Preorder Afaa Weaver’s timely collection at this link.

An abstract collection of different color shapes and bodies with the title trace: poems by Brenda Cardenas

“Cien nombres para la muerte: La zapatona/The Fleet-Footed Woman”
(after a print by Erik Ricardo de Luna Genel and for Daniel)

Brother, your heart was a speed metal
drummer in a breakaway, jamming
for the finish. They had to trip it, stop
it, start it, shock it ’til it threw you
to your knees. And La Zapatona, sure-footed
in her winged sneakers, tucked phalanges
into fists and bolted, ponytail sailing
in her wake, piano grin full of keys
hammering sweeps. She shot you
that mal de ojo, all black holes, and you
still smell her sweat, her stale breath,
feel its fire in your lungs. I cheated her
three times, you say, now she sprints
inside my chest. Now she’s neck and neck.

Through image-rich poems regarding migration, transcultural identity, loss, connection, dream, and aging — some translingual, some ekphrastic responses to ephemeral and surreal works of art — Brenda Cárdenas’ Trace explores conditions of displacement, liminality, and mutability. These poems transgress illusory borders between lands, languages, humans and the rest of the natural world, waking and dreaming, and the living and the dead as they unearth traces of experience that shape and haunt us, traces we leave behind for others to encounter. Although elegy resurfaces throughout this collection as does a poetics of social consciousness, Cárdenas also embraces moments of levity, story, and an effervescent internal music that balance her steps through fraught yet bewitching terrain.

Preorder her collection here.

Half of the cover is blue and the other half is black. The blue half has the title Trouble Funk and the black half has the author name, Douglas Manuel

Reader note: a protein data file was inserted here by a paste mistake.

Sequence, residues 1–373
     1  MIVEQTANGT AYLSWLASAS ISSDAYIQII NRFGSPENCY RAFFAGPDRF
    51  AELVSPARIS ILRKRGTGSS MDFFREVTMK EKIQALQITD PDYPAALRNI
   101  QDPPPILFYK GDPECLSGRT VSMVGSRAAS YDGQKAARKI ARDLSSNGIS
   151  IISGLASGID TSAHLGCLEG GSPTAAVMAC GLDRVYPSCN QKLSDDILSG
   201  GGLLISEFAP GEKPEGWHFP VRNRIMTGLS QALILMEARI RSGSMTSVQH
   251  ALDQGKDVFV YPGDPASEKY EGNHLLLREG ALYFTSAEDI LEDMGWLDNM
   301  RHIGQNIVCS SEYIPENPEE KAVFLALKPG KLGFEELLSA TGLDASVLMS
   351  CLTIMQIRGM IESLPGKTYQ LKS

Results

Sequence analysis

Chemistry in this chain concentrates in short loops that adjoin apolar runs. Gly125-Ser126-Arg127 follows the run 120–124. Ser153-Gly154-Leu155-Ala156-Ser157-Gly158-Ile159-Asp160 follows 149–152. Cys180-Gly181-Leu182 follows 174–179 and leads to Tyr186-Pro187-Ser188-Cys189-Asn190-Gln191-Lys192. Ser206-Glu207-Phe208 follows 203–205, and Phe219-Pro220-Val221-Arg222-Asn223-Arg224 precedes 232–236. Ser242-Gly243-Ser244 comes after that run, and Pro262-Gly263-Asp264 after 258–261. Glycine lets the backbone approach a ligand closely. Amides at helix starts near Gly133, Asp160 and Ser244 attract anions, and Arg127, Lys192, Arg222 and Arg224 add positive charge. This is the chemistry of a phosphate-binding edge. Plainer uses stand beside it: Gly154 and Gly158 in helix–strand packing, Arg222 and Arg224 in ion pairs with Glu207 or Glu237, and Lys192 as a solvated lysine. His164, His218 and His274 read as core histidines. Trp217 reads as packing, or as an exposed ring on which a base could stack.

Excerpt from “Let’s Get Small”

Another job gone, the song of another
woman all over his lips. Caught, she could taste it.

She screams. He screams. They scream.
They scream. He screams. She screams.
She screams. He screams. Their scream

the same scream they began with, the same
scream they’ll end with. But, really,
it’s older than that, deeper than that, and oh so Black.

The same scream since middle passage,
since slavery,
since Reconstruction,
since Jim Crow,
since Great Migration,
since redlining,
since Civil Rights.

The speaker of Testify returns to divulge his parents’ love story. Set in Anderson, Indiana in the 1960s, ’70s, and ’80s, Trouble Funk exposes ways Black Love is thwarted but never destroyed by racism, classism, and sexism. Eschewing the “lyrical I” in favor of a third person omniscient point of view, this text exhibits how the latter half of the twentieth century rhymes with our current moment when it comes to political division, the hardships that Black folks face, and the rise of toxic right-wing policies. In many ways, Trouble Funk serves as a prequel to Testify in which Douglas Manuel seeks to better understand and love himself, his family, and his country.

Preorder Douglas’s collection at this link.

We hope you enjoyed reading some poems from our wonderful poets whose collections are coming out this month. Order a collection for yourself and one for a friend in celebration of poetry.



Red Hen Press

Nonprofit independent literary publisher aiming to amplify unheard and underrepresented voices and improve literacy in schools.